The principal god of Egypt later became a god of Israel, a great sin (I Kings 12:28). Turning from the Living God to a molten calf reveals how deceptive “worship” can be.
And when the people saw that Moses delayed to come down out of the mount, the people gathered themselves together unto Aaron, and said unto him, Up, make us gods, which shall go before us; for as for this Moses, the man that brought us up out of the land of Egypt, we wot not what is become of him (Ex. 32:1).
Our attention has been on the Tabernacle and its marvellous picture of Christ in His glorious Person and perfect ministry for mankind. But at the same time, something tragic is taking place among the Israelites. Moses returns to the camp to behold how quickly and how far the Israelites had turned from the True and Living God.
They imagined that a calf, which they could see, was better than the invisible, yet ever-present God. Only six weeks before, all the people had sworn: All that the Lord hath spoken we will we do (19:8). Whenever something is needed to remind us of the Lord, too often we have chosen a visible counterfeit to replace His invisible reality.
It seems strange that there was no voice of protest from the elders or even from Miriam. Surely the decision was not unanimous. Perhaps, they were like some of us — when it seems that the misguided majority are loudly proclaiming what we know to be against the will of God, yet we do not protest. In such times silence becomes a sin.
Whenever anyone or anything takes the place that God should have in our lives, it is rebellion and sin. The human heart loves anything that can be seen — that which meets and gratifies the senses. We need to remember Moses' example: By faith . . . he endured, as seeing Him who is invisible (Heb. 11:27).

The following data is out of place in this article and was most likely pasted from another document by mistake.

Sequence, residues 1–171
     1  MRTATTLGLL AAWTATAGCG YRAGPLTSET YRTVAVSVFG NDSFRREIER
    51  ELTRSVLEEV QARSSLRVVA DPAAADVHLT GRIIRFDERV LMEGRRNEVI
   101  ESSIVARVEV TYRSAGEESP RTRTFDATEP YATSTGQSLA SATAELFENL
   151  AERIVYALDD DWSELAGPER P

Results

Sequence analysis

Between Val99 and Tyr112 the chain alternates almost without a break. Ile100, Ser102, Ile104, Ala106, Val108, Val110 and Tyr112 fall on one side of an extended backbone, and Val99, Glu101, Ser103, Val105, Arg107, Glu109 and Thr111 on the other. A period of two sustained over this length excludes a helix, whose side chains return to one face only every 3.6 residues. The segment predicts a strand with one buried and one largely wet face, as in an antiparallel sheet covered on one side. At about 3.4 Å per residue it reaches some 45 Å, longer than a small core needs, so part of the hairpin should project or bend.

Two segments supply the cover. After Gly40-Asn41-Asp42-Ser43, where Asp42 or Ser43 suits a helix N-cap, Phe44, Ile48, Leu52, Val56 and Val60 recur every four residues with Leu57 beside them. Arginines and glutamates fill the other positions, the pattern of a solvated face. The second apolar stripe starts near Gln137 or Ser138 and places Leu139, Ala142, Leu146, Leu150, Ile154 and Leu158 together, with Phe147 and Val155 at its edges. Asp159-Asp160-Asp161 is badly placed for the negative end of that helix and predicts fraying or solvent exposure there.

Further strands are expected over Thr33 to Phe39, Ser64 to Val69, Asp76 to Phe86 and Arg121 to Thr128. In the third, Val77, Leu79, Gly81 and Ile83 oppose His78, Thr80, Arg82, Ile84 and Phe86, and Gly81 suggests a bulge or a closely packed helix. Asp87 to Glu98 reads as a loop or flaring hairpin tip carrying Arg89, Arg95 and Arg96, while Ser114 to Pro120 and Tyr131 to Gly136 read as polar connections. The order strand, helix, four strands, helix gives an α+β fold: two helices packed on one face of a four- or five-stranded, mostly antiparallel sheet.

But before we too quickly throw stones and voice condemnation, let us compare the problem of the Israelites with twentieth century conduct. Most of us would not bow down to a graven image, but how easily money or career become similar idols. For others, the idol may be success or material things. Believing we've got to have more and more, our love and devotion for the Lord diminishes as things take His place.
Perhaps an even more subtle danger lies in surrounding ourselves with friends or business associates who are not Christians. Soon our social lives revolve around unbelievers. This may lead to spiritual fellowship with other Christians being crowded out and eventually forsaken.
And why call ye me, Lord, Lord, and do not the things which I say? (Luke 6:46).
Thought for Today:
Too often it is those who are rich in this world's goods that rule the Church instead of those of this world rich in faith (James 2:5).
As the One who is ever-present. My presence shall go with thee, and I will give thee rest (peace) (Ex. 33:14). He hath said, I will never leave thee, nor forsake thee (Heb. 13:5; compare Matt. 11:28; John 14:27).
32:12 mischief, evil intent; 32:20 strawed, scattered; 32:25 made them naked, let them get out of control; 34:10 terrible, marvelous, awesome.
Pray for Staff: Ilene Wallace • Government Officials: Rep. Brian P. Bilbray (CA), Rep. Linda T. Sanchez (CA), Rep. Bennie G. Thompson (MS), Rep. Lou Barletta (PA), and Sen. Jeanne Shaheen (NH) • Country: Panama (3 million) in southern Central America • Major languages: Spanish and English • Limited religious freedom • 78% Roman Catholic; 12% Protestant; 5% Muslim; .1% Eastern Orthodox • Prayer Suggestion: If the words of God abide in you, whatever you ask in prayer, you will receive (John 15:7).
Optional Reading: >Matthew 28
Memory Verse for the Week: Psalms 100:5